A unique portrait of nineteenth-century Italy as seen through the eyes of the first generation of British photographers
This book examines the ways in which the new medium of photography influenced the British experience, appreciation, and perception of Italy in the nineteenth century. Setting photography within a long history of image making—beginning with the eighteenth-century Grand Tour and transformed by the inventions of William Henry Fox Talbot and Louis Daguerre—this beautifully illustrated book features many previously unpublished images alongside the work of well-known photographers. The sixteen essays in this volume explore photography as a vehicle for visual translation and cultural exchange.
Distributed for the Yale Center for British Art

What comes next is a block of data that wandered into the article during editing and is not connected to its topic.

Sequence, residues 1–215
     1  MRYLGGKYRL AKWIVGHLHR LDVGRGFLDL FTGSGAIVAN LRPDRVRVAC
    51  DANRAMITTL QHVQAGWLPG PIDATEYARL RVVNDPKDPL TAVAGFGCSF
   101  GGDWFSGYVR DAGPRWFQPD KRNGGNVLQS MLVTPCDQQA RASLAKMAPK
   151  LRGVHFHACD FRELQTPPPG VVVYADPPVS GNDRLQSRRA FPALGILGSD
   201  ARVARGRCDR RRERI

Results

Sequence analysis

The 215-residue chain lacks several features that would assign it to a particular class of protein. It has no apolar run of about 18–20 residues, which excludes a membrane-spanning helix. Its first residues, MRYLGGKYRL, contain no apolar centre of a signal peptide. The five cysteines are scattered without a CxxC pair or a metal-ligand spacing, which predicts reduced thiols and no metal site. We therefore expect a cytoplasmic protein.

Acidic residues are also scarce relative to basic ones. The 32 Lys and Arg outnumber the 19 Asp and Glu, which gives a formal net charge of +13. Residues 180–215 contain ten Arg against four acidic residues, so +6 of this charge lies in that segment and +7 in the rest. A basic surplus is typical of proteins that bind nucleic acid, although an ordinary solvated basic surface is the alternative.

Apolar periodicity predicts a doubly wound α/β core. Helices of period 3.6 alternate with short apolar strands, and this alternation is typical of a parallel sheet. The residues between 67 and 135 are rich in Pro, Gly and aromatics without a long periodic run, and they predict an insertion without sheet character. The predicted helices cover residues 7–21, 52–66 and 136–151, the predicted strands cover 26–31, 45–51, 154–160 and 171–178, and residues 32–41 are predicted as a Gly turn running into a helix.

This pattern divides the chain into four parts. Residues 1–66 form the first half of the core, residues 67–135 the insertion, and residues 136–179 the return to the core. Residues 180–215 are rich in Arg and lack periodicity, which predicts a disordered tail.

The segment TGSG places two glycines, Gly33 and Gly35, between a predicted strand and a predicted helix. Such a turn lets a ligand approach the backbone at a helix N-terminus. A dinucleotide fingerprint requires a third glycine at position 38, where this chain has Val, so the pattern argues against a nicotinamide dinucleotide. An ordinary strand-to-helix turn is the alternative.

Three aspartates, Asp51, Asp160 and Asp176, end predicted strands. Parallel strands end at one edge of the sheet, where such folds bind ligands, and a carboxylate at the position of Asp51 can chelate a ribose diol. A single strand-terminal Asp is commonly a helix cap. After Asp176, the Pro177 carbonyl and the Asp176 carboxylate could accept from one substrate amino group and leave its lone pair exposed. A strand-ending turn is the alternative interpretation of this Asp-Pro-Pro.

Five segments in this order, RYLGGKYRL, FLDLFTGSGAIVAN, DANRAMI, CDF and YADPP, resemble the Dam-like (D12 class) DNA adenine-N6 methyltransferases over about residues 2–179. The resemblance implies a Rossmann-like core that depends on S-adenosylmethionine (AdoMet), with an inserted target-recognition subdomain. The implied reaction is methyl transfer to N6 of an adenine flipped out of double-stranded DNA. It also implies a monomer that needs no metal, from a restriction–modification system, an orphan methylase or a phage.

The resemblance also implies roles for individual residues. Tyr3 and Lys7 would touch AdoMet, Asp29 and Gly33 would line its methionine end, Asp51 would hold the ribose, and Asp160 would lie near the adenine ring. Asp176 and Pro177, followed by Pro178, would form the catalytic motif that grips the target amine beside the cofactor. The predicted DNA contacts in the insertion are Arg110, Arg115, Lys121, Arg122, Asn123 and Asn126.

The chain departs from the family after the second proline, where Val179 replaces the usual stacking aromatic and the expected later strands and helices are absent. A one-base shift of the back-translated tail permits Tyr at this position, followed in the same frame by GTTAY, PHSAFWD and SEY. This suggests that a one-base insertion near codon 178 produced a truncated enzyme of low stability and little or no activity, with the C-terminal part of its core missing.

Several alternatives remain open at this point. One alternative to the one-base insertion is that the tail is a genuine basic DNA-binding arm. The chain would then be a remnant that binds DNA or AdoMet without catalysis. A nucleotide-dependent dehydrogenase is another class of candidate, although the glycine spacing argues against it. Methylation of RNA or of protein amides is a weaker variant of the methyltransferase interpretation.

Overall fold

Maria Antonella Pelizzari is professor of art history at Hunter College and the Graduate Center, City University of New York. Scott Wilcox is the former deputy director for collections at the Yale Center for British Art.
“Anyone interested in Italy will be fascinated and enchanted by The Idea of Italy: Photography and the British Imagination, 1840–1900. Edited by Maria Antonella Pelizzari and Scott Wilcox, it features sixteen essays exploring a wide range of topics—from tourist images of ‘a ghostly landscape of well-lit but unpopulated historical sites’ to picturesque peasants and outlaws, costumed models and Risorgimento heroes.”—James Hall, Times Literary Supplement, “Books of 2022”
“Including some 185 excellent reproductions of photographs and other media . . . the book is a valuable contribution to the literature.”—W. S. Johnson, Choice